Ok i have to write a letter to the editor (or Mr. Underwood) describing racism in maycomb and how to solve the problem. Also i have to write it as if i was Atticus. Any ideas will help because i'm not sure how to write it as if I were Atticus. Thank you.
5 Answers | Add Yours
One metaphor for racism we find in the novel is the rabid dog. People often find metaphors easier to confront than ideas. You could compare racism to the rabid dog, and explain the damage each one does. Of course, Atticus is the one who shot the dog. He is also responsible for defending the town against racism.
Atticus does a good job of putting himself in another person's place and trying to see things through their eyes. He also uses logic and reason to discuss issues, rather than letting emotions control his thinking. A letter from him would empathize with others' points of view, while using reason to show where they might be mistaken.
I imagine that Atticus would raise the sorts of points that he does when education Scout and Jem. The idea of walking around in someone's skin would be raised, and possibly his experiences of prejudice as Tom Robinson's lawyer.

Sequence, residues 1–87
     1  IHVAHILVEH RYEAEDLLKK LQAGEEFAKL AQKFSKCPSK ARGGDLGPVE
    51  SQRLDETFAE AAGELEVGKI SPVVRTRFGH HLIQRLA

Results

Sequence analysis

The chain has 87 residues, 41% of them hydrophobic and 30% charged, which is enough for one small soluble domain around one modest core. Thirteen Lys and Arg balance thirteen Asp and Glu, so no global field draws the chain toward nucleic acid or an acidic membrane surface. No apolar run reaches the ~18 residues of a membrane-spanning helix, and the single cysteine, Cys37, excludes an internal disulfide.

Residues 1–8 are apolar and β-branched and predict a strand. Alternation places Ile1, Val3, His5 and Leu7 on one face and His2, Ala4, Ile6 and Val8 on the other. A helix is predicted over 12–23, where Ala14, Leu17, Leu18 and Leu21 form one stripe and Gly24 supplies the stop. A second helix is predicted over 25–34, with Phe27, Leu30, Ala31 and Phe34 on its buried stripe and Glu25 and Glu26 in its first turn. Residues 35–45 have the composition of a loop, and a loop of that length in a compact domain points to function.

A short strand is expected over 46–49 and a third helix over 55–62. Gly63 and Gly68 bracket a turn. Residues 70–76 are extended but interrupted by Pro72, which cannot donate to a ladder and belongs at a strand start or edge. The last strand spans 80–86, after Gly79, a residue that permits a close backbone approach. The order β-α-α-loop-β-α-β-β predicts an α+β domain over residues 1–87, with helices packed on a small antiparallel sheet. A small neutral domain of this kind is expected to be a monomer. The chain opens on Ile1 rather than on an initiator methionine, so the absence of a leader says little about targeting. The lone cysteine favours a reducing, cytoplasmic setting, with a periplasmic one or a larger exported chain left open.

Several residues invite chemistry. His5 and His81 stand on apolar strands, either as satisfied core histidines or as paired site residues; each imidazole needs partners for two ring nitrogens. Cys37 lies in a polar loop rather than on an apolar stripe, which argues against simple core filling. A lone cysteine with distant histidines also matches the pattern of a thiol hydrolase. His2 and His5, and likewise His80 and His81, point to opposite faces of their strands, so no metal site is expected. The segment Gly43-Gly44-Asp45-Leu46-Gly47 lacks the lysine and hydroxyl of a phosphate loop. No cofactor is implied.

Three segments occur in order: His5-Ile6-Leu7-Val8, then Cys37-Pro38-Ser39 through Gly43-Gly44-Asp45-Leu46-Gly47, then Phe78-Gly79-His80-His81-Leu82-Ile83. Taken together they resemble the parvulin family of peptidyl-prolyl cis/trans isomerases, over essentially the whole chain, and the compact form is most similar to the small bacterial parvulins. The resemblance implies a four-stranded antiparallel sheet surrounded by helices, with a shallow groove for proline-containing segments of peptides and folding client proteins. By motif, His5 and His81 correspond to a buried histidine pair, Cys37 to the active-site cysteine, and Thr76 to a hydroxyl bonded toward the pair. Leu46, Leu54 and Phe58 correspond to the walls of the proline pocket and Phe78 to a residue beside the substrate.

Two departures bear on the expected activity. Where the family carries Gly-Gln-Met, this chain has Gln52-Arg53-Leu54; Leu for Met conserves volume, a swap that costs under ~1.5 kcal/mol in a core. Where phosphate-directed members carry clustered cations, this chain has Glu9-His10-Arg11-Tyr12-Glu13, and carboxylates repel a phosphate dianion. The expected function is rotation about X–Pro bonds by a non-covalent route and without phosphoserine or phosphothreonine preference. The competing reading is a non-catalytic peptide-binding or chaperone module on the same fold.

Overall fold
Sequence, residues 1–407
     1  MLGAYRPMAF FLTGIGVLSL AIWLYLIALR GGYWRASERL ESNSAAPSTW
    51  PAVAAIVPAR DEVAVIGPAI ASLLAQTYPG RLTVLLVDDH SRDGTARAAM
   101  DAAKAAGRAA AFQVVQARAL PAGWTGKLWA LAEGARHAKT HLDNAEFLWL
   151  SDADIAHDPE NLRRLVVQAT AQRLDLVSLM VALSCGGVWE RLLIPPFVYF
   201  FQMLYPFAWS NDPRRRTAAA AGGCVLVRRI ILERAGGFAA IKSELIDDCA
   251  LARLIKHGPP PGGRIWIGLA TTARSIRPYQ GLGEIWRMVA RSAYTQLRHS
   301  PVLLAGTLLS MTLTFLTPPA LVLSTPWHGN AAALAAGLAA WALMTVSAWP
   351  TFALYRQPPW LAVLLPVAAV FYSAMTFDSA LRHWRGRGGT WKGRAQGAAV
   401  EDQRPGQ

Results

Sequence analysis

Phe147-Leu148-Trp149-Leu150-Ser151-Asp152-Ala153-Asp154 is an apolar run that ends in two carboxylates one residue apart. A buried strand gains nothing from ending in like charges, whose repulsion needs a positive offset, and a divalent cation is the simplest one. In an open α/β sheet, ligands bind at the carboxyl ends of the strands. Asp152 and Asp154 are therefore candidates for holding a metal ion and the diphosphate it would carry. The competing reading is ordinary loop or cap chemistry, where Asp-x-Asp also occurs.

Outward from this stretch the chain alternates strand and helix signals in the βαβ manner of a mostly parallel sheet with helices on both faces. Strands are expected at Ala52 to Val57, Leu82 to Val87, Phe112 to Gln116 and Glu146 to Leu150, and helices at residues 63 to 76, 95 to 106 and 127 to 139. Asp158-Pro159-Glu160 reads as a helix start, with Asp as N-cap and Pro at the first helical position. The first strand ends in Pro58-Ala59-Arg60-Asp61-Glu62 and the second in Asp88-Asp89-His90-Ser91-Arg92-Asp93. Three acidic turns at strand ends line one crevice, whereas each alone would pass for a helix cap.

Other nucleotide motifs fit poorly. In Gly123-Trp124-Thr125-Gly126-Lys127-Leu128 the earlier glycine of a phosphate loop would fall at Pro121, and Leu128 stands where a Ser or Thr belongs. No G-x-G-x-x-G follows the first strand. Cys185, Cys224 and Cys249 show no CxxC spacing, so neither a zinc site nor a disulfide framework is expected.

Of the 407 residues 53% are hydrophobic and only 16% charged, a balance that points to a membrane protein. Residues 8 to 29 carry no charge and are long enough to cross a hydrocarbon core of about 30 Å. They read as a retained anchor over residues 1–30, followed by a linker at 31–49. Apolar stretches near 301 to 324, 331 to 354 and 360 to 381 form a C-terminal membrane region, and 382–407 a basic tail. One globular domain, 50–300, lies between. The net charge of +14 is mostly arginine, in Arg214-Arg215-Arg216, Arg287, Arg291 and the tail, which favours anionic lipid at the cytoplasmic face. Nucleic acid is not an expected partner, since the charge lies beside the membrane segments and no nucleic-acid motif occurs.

Start out by thinking about the type of person Atticus was. He was a lawyer, kind, and usually calm. His letter would likely be well written with a careful eye toward word choice. He certainly wouldn't use any abrasive language or hateful rhetoric to prove his point. Atticus usually makes a point by remaining calm and rational. He would probably give examples of specific points of racism in Maycomb. He might also talk about his own experiences with racism, like the neighbors' reactions to Calpurnia's influence on his home and his children or his involvement in the trial of Tom Robinson. Atticus would probably offer evidence of how the color people of Maycomb were no different. Just remember that Atticus is a lawyer and likely to stick with a calm dissemination of the facts and your letter should turn out fine.
wow thank you so much that helps a lot now i just hope that i can keep it short enough so it doesnt go beyond one page... lol
We’ve answered 328,059 questions. We can answer yours, too.Ask a question